Describe the point at which the poet changes mood in Shakespeare's "Sonnet 29".

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In Shakespeare's Sonnet 29, the poet is despondent through the first two quatrains (groups of 4 lines).  Whether he is now "in disgrace with fortune and men's eyes" is not clear; the poet may simply be reflecting upon this condition.  At any rate, he sets up the condition as one which causes him a feeling of alienation and despair.  In this state, the poet declares that he is envious of the prosperity and companionship and talents of others in lines 5-8.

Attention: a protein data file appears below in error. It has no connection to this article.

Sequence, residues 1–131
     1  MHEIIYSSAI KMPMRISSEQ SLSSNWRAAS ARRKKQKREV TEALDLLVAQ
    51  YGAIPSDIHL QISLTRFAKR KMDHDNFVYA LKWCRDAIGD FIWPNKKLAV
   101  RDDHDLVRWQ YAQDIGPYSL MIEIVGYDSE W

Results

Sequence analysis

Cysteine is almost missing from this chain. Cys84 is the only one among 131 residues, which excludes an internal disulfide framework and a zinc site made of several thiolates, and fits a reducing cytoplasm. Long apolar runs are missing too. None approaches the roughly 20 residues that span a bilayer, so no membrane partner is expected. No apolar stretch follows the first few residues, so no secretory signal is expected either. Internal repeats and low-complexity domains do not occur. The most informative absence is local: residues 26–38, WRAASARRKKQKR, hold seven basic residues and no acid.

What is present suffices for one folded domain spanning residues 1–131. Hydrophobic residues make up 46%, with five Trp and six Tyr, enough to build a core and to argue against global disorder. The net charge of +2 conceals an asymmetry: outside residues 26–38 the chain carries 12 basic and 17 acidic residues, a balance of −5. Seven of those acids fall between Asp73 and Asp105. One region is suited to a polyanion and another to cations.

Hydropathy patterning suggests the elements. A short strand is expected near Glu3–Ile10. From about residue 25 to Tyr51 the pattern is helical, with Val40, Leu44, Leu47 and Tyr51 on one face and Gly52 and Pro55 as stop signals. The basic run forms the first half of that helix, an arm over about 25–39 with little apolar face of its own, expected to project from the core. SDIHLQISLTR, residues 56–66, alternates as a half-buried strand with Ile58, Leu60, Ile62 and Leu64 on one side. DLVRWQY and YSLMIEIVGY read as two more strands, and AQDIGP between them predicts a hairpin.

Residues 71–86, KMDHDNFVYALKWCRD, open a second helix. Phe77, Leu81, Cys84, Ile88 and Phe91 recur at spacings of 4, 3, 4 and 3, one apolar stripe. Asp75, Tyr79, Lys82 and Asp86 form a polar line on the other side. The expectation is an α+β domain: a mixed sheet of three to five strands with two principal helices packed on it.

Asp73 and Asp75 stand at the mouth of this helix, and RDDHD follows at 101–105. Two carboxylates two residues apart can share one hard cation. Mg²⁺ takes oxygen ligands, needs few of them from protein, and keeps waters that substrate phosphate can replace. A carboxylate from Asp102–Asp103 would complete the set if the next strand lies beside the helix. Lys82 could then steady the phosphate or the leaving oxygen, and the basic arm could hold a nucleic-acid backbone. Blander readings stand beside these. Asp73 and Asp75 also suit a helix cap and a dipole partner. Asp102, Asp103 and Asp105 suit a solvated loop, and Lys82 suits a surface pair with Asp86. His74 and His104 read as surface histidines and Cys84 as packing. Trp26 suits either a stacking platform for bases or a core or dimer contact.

However, this despondency is broken in the third quatrain of this sonnet as he asserts, "Haply I think on thee,-and then my state...sings hymns at heaven's gate."  For, the love of one person can make all the difference to a person. In the ending couplet which sums up the meaning of the sonnet, the poet states,

For thy sweet love remember'd such wealth brings,/That then I scorn to change my state of being.

Having the this love, the poet considers himself rich and is content with his state in life.

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